The Regional Storm Hits Israel

The Regional Storm Hits Israel, Israel DefenseAmir Rapaport, November 5, 2015

bomb in SyriaAn aerial view of a bomb explosion in Syria (Photo: AP/Russian Defense Ministry Press Service)

1. High Tide/Low Tide. When the “Second Intifada” broke out in October 2000, IDF used to refer to the riots and terrorist attacks in the Judea and Samaria area, as well is inside the territory of the State of Israel as “High Tide/Low Tide”, as each wave of riots was followed by a period of relative quiet, and then a new trigger emerged, leading to a wave of renewed violence, and so on.

Eventually, the “High Tide/Low Tide” incidents assumed a pattern of a murderous terrorist offensive, which took the lives of more than a thousand Israelis through suicide attacks, until the Intifada finally subsided in 2004.

The wave of riots and terrorist attacks that erupted about 15 years later, in the fall of 2015, appears to be connected, in some way or another, to the state of instability that characterizes many areas throughout the Middle East. For the last few years, the lion’s share of the fighting takes place in Syria, where hundreds of thousands of people were killed and millions more became refugees.

The major question that arose within the Israeli defense establishment in the fall of 2015 was whether this latest wave of terrorist attacks marks the outset of a “Third Intifada”. Although outwardly the Israeli interest is to announce “This is not a new Intifada,” in effect, there is talk about a “new situation” and no one knows how it will evolve.

Analyses performed within the defense establishment point to a number of reasons that suggest that this is a significant wave of terrorism which could turn out to be prolonged, as well as to reasons that justify the claim “This is not a new Intifada”.

One of the reasons that this wave of attacks is serious and could be prolonged is the religious motive: the Israeli media does not speak about it too often, but the Arab world is raging around rumors or reports that Israel actually intends to change the status quo on Temple Mount.

Even when one attempts to fish only “comfortable” data out of the statistics of the latest terrorist attacks, it is impossible to ignore the increase, by tens of percent, in the number of violent incidents throughout the Judea and Samaria area as well as within the “Green Line” during the last few weeks.

On the other hand, one significant difference between October 2015 and “Black October” (following the outbreak of the Second Intifada 15 years ago), is that the Israeli security forces are currently operating freely throughout the Judea and Samaria area. Consequently, entering the hospital in Nablus did not call for tactical support by tanks and aircraft. During the Second Intifada, on the other hand, it took the IDF and ISA quite a long time before they succeeded in regaining control over the centers of the Palestinian cities, pursuant to Operation Defensive Shield, and even then, the control achieved was only partial.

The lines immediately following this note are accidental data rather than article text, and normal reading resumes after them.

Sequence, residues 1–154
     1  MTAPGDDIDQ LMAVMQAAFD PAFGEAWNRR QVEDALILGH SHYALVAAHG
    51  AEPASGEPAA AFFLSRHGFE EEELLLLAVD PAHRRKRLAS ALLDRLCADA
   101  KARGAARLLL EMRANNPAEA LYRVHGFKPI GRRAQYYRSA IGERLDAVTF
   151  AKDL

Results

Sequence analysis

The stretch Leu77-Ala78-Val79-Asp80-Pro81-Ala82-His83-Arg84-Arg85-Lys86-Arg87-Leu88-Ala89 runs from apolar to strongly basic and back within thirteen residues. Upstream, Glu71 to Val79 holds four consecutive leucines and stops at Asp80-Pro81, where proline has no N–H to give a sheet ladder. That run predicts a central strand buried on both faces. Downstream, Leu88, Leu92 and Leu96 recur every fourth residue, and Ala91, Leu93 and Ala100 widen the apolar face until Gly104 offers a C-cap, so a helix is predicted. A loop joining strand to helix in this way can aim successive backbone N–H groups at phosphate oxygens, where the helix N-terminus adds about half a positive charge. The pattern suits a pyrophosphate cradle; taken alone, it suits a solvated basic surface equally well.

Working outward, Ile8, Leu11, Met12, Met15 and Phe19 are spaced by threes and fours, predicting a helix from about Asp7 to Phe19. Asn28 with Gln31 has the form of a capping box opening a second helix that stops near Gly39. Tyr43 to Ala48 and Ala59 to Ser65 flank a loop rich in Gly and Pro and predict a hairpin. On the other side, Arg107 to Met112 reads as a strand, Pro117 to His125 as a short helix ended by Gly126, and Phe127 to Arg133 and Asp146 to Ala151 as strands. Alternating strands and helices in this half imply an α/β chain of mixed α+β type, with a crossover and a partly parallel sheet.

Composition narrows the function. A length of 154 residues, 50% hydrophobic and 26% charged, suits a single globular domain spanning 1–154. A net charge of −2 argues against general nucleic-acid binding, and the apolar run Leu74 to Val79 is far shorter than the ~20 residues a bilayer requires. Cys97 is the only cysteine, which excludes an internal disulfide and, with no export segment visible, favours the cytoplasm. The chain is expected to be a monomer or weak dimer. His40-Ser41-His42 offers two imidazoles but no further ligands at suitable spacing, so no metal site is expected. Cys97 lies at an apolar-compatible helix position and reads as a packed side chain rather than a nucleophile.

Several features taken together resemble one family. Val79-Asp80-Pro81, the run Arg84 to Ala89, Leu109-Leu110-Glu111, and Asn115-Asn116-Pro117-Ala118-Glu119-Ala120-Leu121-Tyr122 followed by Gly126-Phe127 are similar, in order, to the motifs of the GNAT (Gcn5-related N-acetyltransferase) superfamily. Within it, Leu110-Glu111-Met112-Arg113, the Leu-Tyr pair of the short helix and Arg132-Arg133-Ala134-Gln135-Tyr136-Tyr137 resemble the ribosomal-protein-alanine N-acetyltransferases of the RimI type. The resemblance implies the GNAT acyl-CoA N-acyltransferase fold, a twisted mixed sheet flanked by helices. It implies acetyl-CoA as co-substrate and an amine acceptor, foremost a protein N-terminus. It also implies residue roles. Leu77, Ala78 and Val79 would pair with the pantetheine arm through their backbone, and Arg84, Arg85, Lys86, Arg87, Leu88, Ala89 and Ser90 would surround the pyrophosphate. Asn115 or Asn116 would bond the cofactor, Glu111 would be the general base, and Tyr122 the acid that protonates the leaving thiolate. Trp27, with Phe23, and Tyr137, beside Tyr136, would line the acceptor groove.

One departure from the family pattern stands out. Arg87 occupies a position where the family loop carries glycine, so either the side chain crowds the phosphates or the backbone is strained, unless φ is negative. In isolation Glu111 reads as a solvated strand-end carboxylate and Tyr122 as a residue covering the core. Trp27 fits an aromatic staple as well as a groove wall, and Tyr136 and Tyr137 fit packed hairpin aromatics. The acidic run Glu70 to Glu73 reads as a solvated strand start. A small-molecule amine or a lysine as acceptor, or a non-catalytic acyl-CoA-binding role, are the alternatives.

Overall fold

The recent events erupted despite the fact that IDF and ISA operate continuously against terrorist detachments. In each of the last few years, 2,000-3,000 Palestinian inhabitants were arrested. 80% of them were sentenced by the courts to prison terms of several months minimum.

It is still difficult to predict how the events will evolve over the next few months, but in any case, it seems that we have “a new security situation” on our hands.

2. Vladimir Putin. Many people regard the regional instability as the direct result of the American strategy of minimizing US involvement in the region, due to separatism processes and shifting the focus of world attention to Eastern Asia and the Pacific region (among other things, owing to the reduced dependence on Arab oil).

The party that stepped very effectively into the vacuum left by the USA was Russian President Vladimir Putin, who currently positions himself as the regional “Sheriff”.

No one can overestimate the importance of the moves made by Russian President Vladimir Putin, who deployed military forces to Syria this fall and continues to position himself as the strong man of the Middle East who never abandons his allies, while the USA has “transmitted” that her allies cannot rely on US support (as the USA had abandoned Egyptian President Hosni Mubarak in 2011).

This fall, the Russians deployed to Syria fighter aircraft that attack targets of the rebels opposing the military of President Bashar al-Assad. These moves were carefully coordinated with Iran, which, for her part, deployed hundreds of troopers (who are currently helping Hezbollah withdraw some of its forces back to Lebanon).

The Russian-Iranian move may have been intended to exert pressure on Saudi Arabia that supports the rebels, as well as to raise the price of oil, which is important to the economies of both countries.

Complicated? Even if there is no connection between the moves in Syria and the energy market, there is a definite connection between the fighting in Syria and the war raging in the southern part of the Arabian Peninsula. A solution in Syria may project on the war over there, as in both regions Iran and Saudi Arabia support opposing sides, with the conflict between the Shi’ite and Sunni factions of Islam as the backdrop.

Behind the scenes of the latest developments in Syria there has always been a Russian plan to bring about the end of the civil war in Syria by dividing it into areas of influence, with about 30% of the territory, in the Tartus and Lattakia area, remaining under control of the Alawite community of the current President, Bashar al-Assad.